Laurie Levine opened the show and immediately her haunting tales of love lost and found hit the right mood. She is a singer and songwriter from South Africa, with strong but vulnerable, emotive vocals and her own effective acoustic guitar, backed up with subtle keyboards and on the up tempo ‘Not Gonna Cry’ accompanied by excellent harmonica from Jessica Lauren. The short set of five songs were varied country and folk blues, featuring an American traditional roots sound but with something extra special added. Many of her recorded songs feature a full band and that would be very good to see live, but for this show she made a big impact with just the sparse instrumentation, her warm personality and that great expressive voice.
The intimate and thoughtfully designed J2 venue was well suited to the evening, it is a good sized space, excellent acoustics and atmosphere. Next on was Helen McCookerybook, she first found fame in the early eighties as bass player and singer of The Chefs, a fun punk rock band from Brighton. Martin Stephenson and his band arrived on stage as her backing band and together they played an infectious blend of skiffle and indie pop, her pure and attractive voice blending well with the music. It was all a pleasure to listen to and the onstage enjoyment communicated well to the audience.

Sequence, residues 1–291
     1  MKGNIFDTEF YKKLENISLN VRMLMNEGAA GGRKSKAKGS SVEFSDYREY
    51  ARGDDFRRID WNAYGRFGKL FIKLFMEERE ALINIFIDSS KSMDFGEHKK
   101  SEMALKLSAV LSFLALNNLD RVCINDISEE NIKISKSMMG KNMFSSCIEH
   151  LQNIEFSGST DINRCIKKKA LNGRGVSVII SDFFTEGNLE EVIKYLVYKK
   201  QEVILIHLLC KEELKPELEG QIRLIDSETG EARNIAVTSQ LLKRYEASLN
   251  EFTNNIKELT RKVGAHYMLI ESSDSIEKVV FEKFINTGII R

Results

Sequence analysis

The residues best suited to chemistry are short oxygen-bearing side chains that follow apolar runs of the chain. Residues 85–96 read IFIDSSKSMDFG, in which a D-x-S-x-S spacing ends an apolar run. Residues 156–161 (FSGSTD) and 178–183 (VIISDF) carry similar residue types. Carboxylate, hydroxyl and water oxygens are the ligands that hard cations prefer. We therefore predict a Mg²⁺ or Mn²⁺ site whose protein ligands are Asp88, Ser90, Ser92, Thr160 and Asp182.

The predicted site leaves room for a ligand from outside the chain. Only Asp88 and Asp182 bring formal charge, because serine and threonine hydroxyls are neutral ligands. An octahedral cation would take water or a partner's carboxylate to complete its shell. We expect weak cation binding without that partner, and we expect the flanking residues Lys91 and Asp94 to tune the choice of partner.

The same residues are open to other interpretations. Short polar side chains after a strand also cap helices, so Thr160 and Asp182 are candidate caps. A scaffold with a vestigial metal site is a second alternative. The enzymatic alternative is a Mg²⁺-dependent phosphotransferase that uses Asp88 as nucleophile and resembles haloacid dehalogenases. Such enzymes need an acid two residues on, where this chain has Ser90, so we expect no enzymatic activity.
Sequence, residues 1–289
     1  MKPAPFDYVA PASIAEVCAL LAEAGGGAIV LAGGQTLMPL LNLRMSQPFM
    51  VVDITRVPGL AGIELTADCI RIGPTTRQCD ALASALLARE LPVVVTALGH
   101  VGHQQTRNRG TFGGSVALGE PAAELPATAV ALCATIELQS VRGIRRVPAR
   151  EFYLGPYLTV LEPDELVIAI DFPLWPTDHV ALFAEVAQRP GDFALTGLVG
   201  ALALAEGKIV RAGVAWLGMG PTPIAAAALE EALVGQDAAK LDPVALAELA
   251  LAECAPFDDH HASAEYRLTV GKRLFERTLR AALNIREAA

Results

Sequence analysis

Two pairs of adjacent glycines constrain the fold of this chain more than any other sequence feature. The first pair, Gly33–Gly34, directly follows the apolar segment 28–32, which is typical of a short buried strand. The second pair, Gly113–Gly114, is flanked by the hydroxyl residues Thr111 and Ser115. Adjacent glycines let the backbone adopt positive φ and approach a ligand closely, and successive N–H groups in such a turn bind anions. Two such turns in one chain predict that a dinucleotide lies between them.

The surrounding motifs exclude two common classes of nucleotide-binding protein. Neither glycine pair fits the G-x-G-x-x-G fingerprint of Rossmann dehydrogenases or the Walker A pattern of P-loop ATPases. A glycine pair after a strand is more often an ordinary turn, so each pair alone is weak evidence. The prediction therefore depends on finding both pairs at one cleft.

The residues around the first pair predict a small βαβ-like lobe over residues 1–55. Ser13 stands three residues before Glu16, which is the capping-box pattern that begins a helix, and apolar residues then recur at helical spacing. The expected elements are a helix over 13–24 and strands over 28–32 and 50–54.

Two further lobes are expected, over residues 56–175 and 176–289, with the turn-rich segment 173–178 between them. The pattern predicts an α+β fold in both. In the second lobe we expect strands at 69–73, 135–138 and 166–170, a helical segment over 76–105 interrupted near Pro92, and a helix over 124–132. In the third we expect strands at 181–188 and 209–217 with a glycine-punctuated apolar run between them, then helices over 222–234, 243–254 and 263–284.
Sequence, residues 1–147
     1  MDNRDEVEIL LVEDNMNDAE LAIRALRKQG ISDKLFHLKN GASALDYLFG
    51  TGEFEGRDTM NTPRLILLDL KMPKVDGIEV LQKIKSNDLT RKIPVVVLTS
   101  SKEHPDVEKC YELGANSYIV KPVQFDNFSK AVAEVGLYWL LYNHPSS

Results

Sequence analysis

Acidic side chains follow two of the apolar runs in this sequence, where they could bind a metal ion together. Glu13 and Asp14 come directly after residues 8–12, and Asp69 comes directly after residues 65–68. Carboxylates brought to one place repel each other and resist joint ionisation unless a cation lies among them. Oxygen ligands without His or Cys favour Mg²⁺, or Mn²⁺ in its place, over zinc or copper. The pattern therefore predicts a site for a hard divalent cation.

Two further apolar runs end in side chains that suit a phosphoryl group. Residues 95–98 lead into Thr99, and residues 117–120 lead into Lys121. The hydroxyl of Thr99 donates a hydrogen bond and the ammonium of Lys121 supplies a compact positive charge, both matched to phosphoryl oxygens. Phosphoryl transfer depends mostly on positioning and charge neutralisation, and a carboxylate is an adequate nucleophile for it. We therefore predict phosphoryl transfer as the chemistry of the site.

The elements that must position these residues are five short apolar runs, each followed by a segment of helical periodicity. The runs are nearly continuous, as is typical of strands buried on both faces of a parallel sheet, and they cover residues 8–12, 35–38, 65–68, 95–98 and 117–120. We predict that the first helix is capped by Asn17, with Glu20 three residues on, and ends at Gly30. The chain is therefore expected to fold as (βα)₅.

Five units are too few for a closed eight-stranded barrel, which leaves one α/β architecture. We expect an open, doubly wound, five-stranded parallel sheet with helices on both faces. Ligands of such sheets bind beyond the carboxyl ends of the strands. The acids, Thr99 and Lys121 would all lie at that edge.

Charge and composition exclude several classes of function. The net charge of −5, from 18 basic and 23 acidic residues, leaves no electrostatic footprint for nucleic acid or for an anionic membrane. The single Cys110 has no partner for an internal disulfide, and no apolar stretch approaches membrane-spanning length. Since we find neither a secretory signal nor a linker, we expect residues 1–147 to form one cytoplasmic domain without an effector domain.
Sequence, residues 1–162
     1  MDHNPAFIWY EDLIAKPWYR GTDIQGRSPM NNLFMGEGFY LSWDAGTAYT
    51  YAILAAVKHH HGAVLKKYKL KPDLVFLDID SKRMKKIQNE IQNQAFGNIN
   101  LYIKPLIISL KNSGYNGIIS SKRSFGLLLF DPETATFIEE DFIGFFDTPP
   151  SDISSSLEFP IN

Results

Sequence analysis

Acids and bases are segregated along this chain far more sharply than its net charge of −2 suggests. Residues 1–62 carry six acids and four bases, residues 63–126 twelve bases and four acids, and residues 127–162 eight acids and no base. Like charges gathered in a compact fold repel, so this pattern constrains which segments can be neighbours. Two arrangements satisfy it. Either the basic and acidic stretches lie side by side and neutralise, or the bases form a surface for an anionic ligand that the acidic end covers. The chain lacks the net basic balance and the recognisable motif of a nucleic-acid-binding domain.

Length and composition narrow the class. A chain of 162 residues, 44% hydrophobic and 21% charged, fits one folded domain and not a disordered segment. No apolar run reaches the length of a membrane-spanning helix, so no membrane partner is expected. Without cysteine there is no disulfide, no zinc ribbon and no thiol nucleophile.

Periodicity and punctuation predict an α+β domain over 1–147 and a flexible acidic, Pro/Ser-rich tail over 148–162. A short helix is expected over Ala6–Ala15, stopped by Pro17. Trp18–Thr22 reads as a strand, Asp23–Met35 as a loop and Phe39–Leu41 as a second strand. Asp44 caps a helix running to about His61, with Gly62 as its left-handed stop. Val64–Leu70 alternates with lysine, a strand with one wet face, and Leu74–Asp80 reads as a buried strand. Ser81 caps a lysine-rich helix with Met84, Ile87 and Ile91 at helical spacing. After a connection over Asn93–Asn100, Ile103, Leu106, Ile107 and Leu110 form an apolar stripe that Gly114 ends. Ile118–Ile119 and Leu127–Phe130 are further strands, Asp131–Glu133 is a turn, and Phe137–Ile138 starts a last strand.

As is the current trend, the main part of the set for Martin Stephenson was the performance of a whole album, in this case ‘Gladsome, Humour and Blue’ from 1988, the excellent follow up to the highly acclaimed debut album ‘Boat to Bolivia’. Martin is a talented guitarist and singer and he and the band adapted to the wide range of folk, roots, blues and rock of the varied set of songs. He engages constantly with the audience, between and during songs, and also bringing himself and the band out amongst us, still playing.
I have been a fan for many years (the last time I saw MS I stood behind John Peel in the crowd, but didn’t talk to him unfortunately…) and I enjoy the live performances, although it is a different atmosphere from the albums, where some of the recorded versions of the quieter songs are immaculate examples of heartbreaking words and musical crafting. He is a likeable, friendly personality and I think that his deconstruction of some of the lyrics and eccentric random musings make an entertaining evening, but did not leave much time for much more than the album, so I missed hearing some of his other brilliant songs…